Until a few years ago, elite Colorado track and field athlete Annie Kunz used to feel fatigued — even during her warmups. And then there was the constant hunger: Sometimes her stomach would growl in the middle of practice. She felt like she was always thinking about food, always restricting what she ate, avoiding whole categories — such as carbohydrates — completely, because she thought they were unhealthy. Add to that awful, debilitating cramps when she got her period. Kunz, who is representing the U.S. Olympic team in the women’s heptathlon this week in Tokyo, just didn’t feel like she was performing at her best much of the time.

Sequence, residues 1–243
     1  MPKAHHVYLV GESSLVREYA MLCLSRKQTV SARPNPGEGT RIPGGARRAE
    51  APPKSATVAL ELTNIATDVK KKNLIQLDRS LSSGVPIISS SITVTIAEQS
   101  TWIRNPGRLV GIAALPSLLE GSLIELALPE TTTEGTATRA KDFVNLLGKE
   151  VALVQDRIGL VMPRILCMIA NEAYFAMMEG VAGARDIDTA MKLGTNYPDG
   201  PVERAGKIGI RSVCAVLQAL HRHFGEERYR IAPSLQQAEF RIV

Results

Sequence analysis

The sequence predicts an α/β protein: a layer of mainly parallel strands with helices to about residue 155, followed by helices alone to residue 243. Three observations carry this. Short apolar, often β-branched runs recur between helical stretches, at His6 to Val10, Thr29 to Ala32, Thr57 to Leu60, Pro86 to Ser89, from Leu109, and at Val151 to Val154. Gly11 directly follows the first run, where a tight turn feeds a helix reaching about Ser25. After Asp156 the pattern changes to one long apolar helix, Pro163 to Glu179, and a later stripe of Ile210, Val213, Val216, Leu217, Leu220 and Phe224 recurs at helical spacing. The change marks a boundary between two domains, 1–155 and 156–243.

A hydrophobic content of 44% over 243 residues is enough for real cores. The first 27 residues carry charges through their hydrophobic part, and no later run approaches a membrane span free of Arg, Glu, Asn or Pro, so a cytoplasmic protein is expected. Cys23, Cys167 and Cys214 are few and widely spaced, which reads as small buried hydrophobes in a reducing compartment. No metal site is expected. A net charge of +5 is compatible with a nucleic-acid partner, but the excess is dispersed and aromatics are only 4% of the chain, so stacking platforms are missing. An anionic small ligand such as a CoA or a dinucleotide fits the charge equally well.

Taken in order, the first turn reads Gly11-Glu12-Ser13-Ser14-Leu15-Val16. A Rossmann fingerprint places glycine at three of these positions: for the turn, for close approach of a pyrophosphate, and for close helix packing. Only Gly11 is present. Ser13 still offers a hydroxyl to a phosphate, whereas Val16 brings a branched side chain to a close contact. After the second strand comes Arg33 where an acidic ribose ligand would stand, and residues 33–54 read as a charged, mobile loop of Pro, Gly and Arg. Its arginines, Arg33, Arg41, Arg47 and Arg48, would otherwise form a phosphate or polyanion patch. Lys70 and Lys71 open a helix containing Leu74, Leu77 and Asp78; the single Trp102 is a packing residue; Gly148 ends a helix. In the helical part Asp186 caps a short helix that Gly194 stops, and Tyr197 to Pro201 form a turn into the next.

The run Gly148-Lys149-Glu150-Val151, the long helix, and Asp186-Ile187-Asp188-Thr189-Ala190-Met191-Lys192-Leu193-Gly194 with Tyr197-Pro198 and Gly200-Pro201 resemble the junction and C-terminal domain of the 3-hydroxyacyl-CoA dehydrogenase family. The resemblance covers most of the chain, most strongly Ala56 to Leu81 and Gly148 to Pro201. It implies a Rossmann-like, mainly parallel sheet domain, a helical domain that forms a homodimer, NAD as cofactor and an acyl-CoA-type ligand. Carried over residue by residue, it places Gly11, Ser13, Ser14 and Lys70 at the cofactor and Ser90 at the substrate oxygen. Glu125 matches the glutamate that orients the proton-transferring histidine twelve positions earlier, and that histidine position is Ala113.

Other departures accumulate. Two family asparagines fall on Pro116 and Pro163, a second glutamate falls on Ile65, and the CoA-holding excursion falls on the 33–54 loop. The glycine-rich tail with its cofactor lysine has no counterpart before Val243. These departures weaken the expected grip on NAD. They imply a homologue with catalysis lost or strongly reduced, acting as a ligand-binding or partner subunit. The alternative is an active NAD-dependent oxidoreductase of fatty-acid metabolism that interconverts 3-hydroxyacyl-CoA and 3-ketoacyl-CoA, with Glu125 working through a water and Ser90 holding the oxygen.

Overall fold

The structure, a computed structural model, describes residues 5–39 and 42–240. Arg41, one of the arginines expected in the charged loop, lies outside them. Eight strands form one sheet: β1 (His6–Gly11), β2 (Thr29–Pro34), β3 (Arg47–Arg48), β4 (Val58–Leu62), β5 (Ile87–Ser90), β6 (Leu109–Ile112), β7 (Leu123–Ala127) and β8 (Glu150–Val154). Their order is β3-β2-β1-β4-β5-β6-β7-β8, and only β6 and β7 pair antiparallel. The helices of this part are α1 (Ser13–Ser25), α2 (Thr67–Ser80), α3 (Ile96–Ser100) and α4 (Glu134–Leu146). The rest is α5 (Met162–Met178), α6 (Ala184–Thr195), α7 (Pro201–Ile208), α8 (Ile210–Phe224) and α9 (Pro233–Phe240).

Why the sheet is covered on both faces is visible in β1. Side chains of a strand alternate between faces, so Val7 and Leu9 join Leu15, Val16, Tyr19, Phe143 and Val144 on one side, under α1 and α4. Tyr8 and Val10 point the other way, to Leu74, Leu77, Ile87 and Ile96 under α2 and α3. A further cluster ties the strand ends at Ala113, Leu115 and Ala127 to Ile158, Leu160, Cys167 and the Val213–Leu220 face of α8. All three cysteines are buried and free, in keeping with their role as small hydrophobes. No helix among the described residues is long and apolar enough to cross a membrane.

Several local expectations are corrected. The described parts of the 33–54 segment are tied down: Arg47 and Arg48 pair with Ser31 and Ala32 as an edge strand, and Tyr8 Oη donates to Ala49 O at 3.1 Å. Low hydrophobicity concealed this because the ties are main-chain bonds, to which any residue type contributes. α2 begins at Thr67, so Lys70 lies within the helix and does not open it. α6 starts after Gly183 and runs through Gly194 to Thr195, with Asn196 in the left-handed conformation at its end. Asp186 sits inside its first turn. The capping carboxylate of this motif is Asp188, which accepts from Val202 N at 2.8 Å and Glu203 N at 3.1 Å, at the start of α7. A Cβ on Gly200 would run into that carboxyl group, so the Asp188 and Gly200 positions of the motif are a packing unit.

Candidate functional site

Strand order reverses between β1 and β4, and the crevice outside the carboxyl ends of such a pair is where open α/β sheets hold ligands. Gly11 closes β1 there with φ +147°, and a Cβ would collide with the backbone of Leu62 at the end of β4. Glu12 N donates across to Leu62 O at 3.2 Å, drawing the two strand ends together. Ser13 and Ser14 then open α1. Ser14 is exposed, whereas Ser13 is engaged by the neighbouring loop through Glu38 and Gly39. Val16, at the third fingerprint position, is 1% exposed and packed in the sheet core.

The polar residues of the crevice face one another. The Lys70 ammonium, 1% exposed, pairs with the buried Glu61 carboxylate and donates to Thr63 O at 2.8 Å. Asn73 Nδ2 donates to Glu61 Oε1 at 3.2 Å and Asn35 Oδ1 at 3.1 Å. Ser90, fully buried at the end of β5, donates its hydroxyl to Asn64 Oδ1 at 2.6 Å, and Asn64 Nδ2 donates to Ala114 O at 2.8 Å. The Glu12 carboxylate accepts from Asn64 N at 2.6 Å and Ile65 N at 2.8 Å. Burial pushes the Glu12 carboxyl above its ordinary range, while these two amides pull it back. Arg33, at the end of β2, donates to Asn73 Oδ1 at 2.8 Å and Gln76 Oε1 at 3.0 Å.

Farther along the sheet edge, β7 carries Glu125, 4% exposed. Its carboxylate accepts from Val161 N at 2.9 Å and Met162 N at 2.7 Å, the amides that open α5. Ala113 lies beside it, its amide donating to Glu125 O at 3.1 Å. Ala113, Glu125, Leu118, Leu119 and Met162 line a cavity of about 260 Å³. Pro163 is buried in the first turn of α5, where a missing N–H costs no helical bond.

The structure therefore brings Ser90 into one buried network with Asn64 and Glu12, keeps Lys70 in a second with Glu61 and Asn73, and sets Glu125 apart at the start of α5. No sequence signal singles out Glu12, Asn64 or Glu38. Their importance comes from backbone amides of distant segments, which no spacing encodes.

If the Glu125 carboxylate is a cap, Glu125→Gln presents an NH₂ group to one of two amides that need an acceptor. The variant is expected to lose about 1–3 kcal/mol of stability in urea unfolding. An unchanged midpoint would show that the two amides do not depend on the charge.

Any of the above could be signals of an underlying health problem and could also affect her performance. But Kunz says she rarely, if ever, discussed these issues with her coaches. They’ve almost always been men, Kunz says, many of whom just weren’t used to broaching topics such as weight, hormones and menstrual cycles with their female athletes. Read More